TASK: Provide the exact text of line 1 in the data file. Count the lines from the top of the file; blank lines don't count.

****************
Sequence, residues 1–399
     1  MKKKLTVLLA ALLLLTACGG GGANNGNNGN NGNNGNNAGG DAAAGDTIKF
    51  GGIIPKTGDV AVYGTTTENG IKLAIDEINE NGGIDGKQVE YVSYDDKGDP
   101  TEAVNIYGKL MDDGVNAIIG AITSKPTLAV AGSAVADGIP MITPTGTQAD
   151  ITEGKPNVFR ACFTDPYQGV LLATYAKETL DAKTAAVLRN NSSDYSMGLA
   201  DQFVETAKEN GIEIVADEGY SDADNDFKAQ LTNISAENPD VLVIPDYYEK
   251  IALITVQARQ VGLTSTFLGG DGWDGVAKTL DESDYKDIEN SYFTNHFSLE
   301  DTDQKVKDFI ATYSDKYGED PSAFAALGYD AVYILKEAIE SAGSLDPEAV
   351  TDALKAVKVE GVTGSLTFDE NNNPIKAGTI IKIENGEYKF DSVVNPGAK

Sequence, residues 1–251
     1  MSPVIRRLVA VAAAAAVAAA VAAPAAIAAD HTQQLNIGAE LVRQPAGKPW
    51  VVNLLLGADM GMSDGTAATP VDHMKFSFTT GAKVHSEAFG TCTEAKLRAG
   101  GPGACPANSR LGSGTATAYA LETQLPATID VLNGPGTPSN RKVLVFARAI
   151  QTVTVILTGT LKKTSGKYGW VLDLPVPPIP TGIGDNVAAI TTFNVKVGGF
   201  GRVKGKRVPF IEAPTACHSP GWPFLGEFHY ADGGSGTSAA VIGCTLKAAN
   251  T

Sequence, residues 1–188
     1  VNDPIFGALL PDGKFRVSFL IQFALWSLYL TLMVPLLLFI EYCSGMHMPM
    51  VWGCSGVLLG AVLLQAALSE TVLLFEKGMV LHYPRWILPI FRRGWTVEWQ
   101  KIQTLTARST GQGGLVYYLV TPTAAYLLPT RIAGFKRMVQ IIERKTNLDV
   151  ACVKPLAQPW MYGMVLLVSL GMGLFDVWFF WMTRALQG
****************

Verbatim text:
Sequence, residues 1–399